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Wednesday, May 23, 2012

Let Rupee Find Its Value on Its Own

As the UPA government is celebrating its 9th year in power, Rupee has greeted them—the Prime Minister and his colleagues and the real power wielder in the present outfit, Sonia Gandhi—dancing down the hill merrily. 

As the oil companies continued to swarm the currency markets with their demand for dollars, rupee was pushed down to a new low of 55.39 per dollar on 22 May 2012.  Indeed at one point of trading, rupee touched an all-time low of 55.47 per dollar. The immediate fallout of the depreciating rupee is: Sensex lost by 1% to close at 16,026, while global markets rallied under the hope that Eurozone will soon shift to growth. 

As the fall of rupee continued, the RBI watched from the sidelines without intervening in the Forex trading, if market reports are to be believed.  And that appears to be the right course, for there is nothing much that it could really do either. 

Indeed, very recently, the RBI directed the Indian exporters to transfer half of their export earnings into rupee against the extant rule under which exporters are permitted to keep 100% of their export earnings in foreign currency. This measure is expected to bring in foreign currency of about $2.5 billion, which according to market analysts would suffice to fund the gap in the short term. Further, it has also imposed a cap on banks’ positions in the exchanges for trading currency futures and options at $100 million or 15% of the outstanding open interest, whichever is lower, and also directed them to bring down the positions within the limit by June 30.   

This may not really serve the purpose for long, for it is feared that the current deficit, which is currently at 4% of GDP, may rise further as the growth rate that has already fallen from 9% to below 7% by 2011-12, is all set to slide—as predicted by the market pundits—further. Yet, ours is considered to be the second fastest growing economy in the world. Ironically, it is this growth rate coupled with high inflation is what is fuelling the rise in imports. Which is why the current account deficit will continue to further widen, making the job of the RBI tougher. This increased need for foreign capital to fund its rising current account deficit will be further aggravated by the ongoing fall in foreign investment inflows as also the exiting of capital market by the FIIs under the fear of high risk usually ascribed to emerging markets. 

But the visibly upset Finance Minister says that the Eurozone debt crisis is to be blamed for the falling rupee, as it has impacted the Indian economy through deceleration in demand for exports from India and fall in the capital flows. But a dispassionate look at the whole episode tells a different story: domestic factors such as large and rising current account deficit, bloated fiscal deficit, which is incidentally worst among the BRICS countries, persistent high inflation rate, that too, mostly driven by supply-side constraints, which incidentally is dubbed as the highest amongst emerging economies, and reticence of the government in launching new reforms, have cumulatively made India a less favorite destination for foreign investors.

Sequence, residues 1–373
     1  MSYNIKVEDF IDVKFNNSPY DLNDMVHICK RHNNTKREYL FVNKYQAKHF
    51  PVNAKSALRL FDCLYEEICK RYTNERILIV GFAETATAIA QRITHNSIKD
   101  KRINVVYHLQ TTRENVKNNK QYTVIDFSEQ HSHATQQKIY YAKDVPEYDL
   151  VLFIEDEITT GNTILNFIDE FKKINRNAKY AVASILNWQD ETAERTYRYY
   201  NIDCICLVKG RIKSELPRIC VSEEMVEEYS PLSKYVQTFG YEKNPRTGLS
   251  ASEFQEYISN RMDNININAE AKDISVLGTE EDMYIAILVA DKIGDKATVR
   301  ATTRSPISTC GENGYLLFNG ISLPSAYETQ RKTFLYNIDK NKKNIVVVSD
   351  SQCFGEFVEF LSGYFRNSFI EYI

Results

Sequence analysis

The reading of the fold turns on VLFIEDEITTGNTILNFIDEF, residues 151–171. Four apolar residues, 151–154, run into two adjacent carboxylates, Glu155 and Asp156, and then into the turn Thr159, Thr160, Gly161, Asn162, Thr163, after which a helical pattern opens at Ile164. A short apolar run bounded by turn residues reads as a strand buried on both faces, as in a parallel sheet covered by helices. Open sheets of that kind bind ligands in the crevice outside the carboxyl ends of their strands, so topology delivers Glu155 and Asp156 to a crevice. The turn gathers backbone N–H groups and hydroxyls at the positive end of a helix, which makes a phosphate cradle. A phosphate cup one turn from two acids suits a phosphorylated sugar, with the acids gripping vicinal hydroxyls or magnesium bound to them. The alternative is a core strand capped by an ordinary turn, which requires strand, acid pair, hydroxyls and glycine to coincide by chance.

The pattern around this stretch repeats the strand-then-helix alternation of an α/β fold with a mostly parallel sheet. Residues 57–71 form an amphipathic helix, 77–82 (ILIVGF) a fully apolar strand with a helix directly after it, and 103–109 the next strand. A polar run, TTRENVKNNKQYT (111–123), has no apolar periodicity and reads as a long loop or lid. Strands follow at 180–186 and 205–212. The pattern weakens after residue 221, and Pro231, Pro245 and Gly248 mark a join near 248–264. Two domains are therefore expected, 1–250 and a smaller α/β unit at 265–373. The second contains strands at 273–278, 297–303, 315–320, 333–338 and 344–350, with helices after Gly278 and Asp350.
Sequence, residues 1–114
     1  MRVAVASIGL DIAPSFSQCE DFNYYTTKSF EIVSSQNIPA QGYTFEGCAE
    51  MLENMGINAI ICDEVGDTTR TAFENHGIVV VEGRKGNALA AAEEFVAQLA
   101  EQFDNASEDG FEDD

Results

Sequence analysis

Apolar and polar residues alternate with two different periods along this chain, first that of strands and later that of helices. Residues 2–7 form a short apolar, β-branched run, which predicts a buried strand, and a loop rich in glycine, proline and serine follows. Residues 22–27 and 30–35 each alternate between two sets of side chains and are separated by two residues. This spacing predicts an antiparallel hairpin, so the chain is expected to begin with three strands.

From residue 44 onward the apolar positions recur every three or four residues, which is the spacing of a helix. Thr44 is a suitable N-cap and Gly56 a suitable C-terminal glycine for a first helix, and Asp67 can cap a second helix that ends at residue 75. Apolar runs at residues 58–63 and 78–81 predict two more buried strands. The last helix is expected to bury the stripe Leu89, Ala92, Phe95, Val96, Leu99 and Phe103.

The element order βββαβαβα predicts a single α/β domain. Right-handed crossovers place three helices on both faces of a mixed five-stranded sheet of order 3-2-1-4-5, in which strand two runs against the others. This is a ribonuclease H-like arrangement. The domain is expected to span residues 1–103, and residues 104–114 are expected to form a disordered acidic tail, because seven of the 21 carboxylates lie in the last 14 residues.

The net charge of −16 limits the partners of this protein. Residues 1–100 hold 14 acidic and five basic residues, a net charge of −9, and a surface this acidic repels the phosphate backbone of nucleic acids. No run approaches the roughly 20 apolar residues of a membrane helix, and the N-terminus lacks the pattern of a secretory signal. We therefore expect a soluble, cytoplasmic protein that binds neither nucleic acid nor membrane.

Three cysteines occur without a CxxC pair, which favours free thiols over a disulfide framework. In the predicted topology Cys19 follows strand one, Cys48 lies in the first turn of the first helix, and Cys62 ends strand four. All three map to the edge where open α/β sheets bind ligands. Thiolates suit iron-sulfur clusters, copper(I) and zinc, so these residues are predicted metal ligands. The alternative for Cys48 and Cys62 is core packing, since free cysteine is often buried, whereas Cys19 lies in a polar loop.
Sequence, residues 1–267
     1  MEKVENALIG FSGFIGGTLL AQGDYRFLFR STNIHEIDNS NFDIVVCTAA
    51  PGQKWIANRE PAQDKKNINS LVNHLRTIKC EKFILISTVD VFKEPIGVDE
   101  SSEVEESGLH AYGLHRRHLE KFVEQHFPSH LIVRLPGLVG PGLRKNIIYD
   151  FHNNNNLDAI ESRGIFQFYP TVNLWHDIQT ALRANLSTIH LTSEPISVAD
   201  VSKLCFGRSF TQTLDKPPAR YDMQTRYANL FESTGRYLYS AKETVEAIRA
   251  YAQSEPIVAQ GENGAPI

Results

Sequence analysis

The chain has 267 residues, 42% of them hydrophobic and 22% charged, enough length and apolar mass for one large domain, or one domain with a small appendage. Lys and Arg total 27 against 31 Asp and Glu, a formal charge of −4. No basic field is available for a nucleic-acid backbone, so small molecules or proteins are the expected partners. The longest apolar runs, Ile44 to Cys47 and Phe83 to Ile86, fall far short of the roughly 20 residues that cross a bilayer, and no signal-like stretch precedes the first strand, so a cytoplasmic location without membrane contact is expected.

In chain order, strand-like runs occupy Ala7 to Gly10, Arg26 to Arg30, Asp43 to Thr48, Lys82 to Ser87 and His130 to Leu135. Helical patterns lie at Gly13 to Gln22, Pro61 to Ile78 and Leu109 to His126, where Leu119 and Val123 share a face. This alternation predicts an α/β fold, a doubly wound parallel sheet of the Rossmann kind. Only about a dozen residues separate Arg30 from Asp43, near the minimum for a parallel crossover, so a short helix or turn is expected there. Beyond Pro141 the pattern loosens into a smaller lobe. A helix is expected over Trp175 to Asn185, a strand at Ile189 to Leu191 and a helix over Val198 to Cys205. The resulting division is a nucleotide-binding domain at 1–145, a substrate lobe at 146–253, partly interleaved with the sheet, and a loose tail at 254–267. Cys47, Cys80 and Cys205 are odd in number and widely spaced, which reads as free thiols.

Market whisperings suggest that the RBI might launch a few more measures to checkmate the fall of rupee by augmenting dollar inflows into the country. One of such activities could be encouraging the NRIs to remit funds by inviting investments in specially floated bonds denominated in dollar currency, that too, at higher interest rate vis-à-vis the prevailing US rates. It may, to a certain extent, help in tiding over the fall of rupee further, but it will certainly become a terrific burden for the government at a later date, i.e., when servicing it, as it had indeed happened a couple of years back.

Looking back, some analysts opine that the RBI should have intervened in the currency market during end 2009 to 2011 when rupee had appreciated from 54 to 44 per dollar. Instead it kept quiet then, perhaps at the pressure of importers who obviously wanted rupee to be stronger in order to keep their import costs low. They further say that keeping away from market when the rupee is appreciating and intervening when it is sliding, that too, more because of weak fundamentals, is not a right exchange rate management policy for the RBI to adopt.

Some analysts even argue that in a way, the depreciating rupee might do good for the country, for it is certain to improve the export performance, while discouraging the imports whereby the current account deficit might shrink in the course of time.  Secondly, looking at the inflation differential of about 4% between the US and other important trading partner countries, it appears that letting the rupee find its real value—say around 65 over the next 6-7 months—is economically sensible.  

That said, the government cannot ignore the need for improving the investment climate in the country, besides improving the macro fundamentals by reining in fiscal deficit. It should therefore: come out of its stasis and align the oil prices with global prices at the earliest so as to not only reduce the mounting subsidies but also moderate the import of crude oil; professionally work towards de-bottlenecking the infrastructural constraints, particularly in sectors like power, telecom, oil and gas, fertilizers, airlines and textiles; and finally introduce a couple of reforms that would do well in uplifting the investment climate.   In the meanwhile, let the RBI focus on moderating the volatility in the market. 

As the government and the RBI are engaged in correcting the weaknesses in the system and improve the macroeconomic fundamentals, rupee shall find its own value. And that alone ensures sustainability.

-         GRK Murty


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